nap.
 
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flashflood

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By pocketable EDC I mean no "turbo" or similar oversized heads.

Dereelight Shorty can achieve over 5000 Cd, but has a bigger head that wouldn't work for me for pocket carry.

I could probably live with a slightly oversized head, say up to 1 inch OD, but that's pushing the limits for pocket carry for me. Certainly no bigger than that.

Given the head size restriction, what's the best brightness available in 1AA production lights?

Anything better than 3600 to 4000 Cd? Please suggest some specific models that are very bright for 1AA format.

(Also, please exclude inexpensive models from various Chinese sites. I know some people have good luck with certain models, but I don't want the hassle of dealing with these sites.)

.

If you want flat-out brightest, the ThruNite Neutron 1A running 14500 lithium-ion cells (AA size, li-ion chemistry) will give you 450 lumens.
 
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Joe Hone

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I went looking for an alternative to the Dereelight C2H/P60 and didn't find one. The Thrunite Neutron AA and Xeno EOS AA are both okay lights, but for me the Dereelight is more robust, feels better in the hand, and the switch is both click on and momentary, with memory, which the Xeno doesn't have. But the difference maker is the Javelin head - it is a true cannon running RCR123 or 14500. But since you don't want that configuration - even without the P60 head I prefer the C2H over the others and gave the Neutron away and the Xeno to my wife. I'm on 65 wooded acres with some open pasture and the C2H is perfect here. Running RCR123 it is very small and compact, but I usually run it with 14500 for the added runtime. Just a bright, capable EDC with the XP-G LED.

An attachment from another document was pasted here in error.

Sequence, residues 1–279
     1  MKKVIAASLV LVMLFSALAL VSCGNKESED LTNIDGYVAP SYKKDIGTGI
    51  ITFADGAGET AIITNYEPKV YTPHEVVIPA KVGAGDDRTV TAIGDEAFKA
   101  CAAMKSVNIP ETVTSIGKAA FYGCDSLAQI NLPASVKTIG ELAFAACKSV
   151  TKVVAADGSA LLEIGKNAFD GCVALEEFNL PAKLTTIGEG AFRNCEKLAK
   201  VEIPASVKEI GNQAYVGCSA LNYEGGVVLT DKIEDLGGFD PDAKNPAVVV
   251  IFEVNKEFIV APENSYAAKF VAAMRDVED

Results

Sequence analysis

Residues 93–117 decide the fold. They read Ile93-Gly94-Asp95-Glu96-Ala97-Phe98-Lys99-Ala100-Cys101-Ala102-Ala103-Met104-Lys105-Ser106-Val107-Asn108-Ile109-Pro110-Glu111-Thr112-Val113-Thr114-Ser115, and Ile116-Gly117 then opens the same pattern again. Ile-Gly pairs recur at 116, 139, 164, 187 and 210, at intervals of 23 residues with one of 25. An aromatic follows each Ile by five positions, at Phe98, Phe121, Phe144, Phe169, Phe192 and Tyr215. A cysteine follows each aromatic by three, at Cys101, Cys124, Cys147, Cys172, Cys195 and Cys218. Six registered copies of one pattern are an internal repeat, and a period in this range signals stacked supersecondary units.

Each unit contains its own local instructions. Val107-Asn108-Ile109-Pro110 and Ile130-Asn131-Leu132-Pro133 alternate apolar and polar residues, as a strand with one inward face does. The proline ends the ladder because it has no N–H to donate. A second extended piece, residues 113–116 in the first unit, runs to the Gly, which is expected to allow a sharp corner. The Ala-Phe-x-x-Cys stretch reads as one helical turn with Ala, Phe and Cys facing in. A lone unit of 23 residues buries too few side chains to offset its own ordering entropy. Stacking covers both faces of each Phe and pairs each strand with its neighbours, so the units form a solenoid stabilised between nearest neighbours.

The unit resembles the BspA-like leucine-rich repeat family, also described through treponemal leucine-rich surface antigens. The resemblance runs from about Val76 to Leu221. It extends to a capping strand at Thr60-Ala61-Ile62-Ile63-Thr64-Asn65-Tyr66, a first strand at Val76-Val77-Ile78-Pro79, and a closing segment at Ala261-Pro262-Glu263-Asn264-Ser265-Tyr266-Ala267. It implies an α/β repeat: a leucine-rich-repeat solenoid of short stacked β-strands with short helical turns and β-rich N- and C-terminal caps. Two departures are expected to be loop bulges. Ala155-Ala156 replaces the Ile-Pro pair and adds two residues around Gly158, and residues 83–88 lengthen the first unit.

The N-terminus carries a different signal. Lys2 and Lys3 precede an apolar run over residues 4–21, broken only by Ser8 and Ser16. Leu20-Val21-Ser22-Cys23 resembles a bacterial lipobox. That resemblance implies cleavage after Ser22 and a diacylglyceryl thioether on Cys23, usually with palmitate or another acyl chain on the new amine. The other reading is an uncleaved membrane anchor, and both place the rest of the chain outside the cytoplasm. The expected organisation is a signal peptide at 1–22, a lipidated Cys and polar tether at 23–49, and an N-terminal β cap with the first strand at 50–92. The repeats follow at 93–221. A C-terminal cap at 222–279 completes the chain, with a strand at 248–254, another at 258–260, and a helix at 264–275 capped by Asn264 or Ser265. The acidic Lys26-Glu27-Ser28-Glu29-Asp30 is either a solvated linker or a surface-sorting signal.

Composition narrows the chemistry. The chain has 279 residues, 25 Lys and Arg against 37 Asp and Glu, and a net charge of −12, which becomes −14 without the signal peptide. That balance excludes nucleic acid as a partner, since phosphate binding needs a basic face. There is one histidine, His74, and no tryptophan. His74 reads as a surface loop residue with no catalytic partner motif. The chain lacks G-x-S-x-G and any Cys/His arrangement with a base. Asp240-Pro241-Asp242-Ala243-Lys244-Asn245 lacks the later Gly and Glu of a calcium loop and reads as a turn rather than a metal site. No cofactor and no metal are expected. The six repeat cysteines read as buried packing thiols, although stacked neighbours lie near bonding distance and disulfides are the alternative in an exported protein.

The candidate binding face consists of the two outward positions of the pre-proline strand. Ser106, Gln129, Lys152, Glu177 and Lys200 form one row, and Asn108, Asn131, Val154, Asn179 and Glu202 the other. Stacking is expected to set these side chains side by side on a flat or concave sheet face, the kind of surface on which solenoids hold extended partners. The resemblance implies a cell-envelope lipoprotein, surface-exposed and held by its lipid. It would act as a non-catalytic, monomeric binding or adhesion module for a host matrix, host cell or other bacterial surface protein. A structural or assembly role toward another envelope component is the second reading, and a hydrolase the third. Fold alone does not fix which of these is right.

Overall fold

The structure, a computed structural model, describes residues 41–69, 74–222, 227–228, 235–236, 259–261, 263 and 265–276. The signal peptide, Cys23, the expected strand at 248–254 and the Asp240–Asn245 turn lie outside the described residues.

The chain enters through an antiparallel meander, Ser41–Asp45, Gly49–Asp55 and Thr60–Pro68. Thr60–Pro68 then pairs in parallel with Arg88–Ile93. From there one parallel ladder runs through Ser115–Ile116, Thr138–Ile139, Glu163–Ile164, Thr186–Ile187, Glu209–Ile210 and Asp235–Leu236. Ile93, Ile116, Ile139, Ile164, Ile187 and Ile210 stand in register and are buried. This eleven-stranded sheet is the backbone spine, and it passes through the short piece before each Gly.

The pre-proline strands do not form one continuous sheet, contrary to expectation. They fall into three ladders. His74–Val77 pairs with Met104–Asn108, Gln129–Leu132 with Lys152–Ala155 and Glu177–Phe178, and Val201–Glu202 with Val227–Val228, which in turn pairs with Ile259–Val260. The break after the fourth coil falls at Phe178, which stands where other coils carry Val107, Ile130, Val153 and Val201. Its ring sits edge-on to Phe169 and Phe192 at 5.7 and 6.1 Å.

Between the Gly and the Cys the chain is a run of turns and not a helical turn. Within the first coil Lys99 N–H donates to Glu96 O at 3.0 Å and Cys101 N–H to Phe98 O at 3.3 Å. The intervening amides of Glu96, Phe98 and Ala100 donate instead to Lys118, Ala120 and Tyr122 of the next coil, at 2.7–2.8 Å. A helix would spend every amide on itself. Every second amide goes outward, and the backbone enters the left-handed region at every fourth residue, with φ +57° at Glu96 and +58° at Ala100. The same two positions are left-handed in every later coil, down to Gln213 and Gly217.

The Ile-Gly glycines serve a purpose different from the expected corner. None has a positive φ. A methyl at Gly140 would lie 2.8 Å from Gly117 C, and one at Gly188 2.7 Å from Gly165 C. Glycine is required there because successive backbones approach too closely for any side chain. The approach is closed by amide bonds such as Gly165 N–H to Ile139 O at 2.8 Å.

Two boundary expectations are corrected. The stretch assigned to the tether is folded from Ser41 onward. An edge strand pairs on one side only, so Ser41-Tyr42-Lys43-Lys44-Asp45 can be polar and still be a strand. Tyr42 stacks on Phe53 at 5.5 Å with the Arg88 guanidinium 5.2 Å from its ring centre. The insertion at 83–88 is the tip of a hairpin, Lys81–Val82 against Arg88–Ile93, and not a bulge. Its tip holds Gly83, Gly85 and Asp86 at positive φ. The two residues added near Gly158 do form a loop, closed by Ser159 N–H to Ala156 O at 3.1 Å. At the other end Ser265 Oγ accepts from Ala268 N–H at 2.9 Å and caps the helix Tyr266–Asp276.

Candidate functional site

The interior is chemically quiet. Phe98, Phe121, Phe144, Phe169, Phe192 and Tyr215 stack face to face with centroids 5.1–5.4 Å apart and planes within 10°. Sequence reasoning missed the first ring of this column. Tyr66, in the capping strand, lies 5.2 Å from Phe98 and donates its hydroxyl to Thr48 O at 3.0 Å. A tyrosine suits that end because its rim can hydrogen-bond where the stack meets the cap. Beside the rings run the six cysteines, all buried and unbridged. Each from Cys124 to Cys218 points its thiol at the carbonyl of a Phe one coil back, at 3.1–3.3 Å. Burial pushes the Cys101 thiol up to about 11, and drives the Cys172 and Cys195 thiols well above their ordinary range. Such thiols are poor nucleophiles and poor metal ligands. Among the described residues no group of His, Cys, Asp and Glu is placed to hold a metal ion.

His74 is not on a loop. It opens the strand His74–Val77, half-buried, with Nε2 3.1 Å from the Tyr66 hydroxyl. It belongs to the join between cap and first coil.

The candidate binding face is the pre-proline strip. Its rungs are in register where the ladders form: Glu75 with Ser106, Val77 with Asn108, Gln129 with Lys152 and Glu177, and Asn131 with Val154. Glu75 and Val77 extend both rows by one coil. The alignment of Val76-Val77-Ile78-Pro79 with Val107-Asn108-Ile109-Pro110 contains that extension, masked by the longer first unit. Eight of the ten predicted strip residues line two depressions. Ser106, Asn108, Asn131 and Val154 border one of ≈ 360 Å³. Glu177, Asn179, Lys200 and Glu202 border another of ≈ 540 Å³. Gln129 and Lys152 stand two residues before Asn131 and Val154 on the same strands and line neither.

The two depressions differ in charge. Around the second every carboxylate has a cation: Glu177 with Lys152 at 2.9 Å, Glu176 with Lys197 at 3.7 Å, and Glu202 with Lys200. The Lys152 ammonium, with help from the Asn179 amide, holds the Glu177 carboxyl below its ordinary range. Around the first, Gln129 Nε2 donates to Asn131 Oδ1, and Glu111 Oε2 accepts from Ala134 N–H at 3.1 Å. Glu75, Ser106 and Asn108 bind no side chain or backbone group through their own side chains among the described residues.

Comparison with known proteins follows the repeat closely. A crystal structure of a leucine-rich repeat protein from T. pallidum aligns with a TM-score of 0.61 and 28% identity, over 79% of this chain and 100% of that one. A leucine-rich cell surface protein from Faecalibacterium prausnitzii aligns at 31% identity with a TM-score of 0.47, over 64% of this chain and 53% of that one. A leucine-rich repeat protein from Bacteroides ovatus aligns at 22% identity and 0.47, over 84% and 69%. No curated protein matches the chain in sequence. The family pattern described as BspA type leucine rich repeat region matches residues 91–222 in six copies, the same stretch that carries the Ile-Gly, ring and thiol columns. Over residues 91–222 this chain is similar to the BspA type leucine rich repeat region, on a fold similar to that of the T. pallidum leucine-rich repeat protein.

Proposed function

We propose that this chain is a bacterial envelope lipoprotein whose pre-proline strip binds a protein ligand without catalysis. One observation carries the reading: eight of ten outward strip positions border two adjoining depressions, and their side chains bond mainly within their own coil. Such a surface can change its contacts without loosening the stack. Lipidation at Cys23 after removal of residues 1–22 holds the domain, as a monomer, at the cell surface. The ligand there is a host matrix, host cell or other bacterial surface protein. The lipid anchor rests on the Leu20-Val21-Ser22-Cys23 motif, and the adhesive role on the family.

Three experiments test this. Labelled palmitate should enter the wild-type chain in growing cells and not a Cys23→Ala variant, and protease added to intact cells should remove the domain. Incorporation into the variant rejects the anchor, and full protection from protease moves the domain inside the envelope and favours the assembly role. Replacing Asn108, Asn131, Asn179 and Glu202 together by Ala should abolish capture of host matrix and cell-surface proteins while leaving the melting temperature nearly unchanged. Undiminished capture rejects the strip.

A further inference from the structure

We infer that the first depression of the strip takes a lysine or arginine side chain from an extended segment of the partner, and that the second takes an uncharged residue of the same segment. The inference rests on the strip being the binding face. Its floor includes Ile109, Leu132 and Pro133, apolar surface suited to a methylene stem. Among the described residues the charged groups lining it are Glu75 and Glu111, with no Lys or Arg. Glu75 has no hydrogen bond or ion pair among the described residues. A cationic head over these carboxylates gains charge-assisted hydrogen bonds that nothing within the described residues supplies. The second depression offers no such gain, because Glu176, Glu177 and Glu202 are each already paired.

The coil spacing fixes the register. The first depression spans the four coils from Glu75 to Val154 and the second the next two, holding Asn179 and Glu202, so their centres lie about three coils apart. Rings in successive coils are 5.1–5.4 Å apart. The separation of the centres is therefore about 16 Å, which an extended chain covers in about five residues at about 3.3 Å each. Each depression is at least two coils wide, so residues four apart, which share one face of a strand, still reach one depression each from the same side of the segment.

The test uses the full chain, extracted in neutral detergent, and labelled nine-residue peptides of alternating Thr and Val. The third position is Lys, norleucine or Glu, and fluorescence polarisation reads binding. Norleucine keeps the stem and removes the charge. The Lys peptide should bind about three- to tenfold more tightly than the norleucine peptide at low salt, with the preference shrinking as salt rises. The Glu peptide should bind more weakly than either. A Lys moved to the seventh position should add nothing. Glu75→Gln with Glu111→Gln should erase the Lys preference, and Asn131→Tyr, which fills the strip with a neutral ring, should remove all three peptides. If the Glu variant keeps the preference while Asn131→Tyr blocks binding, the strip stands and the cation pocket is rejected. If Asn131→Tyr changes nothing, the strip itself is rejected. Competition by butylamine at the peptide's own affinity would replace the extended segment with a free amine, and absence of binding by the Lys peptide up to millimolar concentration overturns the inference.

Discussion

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ringzero

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Very few of the manufacturers give candella figures anymore. Nowadays, it's "lumens". I'm not sure how to convert one to the other. Some of our more knowledgeable members here maybe can help you with that. :)



ANSI specs are becoming more common these days, at least among more reputable makers. ;>

ANSI specs give:

-OTF output in lumens (not emitter lumens)

-Brightness in Cd

-Throw distance in meters ("useful" throw defined as distance to 1/4 lux)

-Runtime in hours and minutes (to 10 percent of intial output)

If a manufacturer can't. or won't, provide me with these very basic numbers, then it'd be hard for me to consider their products.

Lately, I've seen ANSI specs on the packaging of many of the sub-$20 lights in brick and mortar stores.

.
 
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ringzero

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ringzero, if after all the discussions you're still interested in pure throw, take a look at jetbeam jet I pro v3. if still not satisfied then you may move to the real, pure throwers: lasers.

nap.



Thanks for the suggestion, nap. Yeah, I'm looking for something with white output, not monochromatic output. ;>

Having trouble finding good numbers for the jet I pro v3.

If Jetbeams throw distance figure is to be believed, this light's brightness would be something over 5000 Cd.

Outstanding if true, but I'm a bit skeptical that it's really that bright.

.
 
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ringzero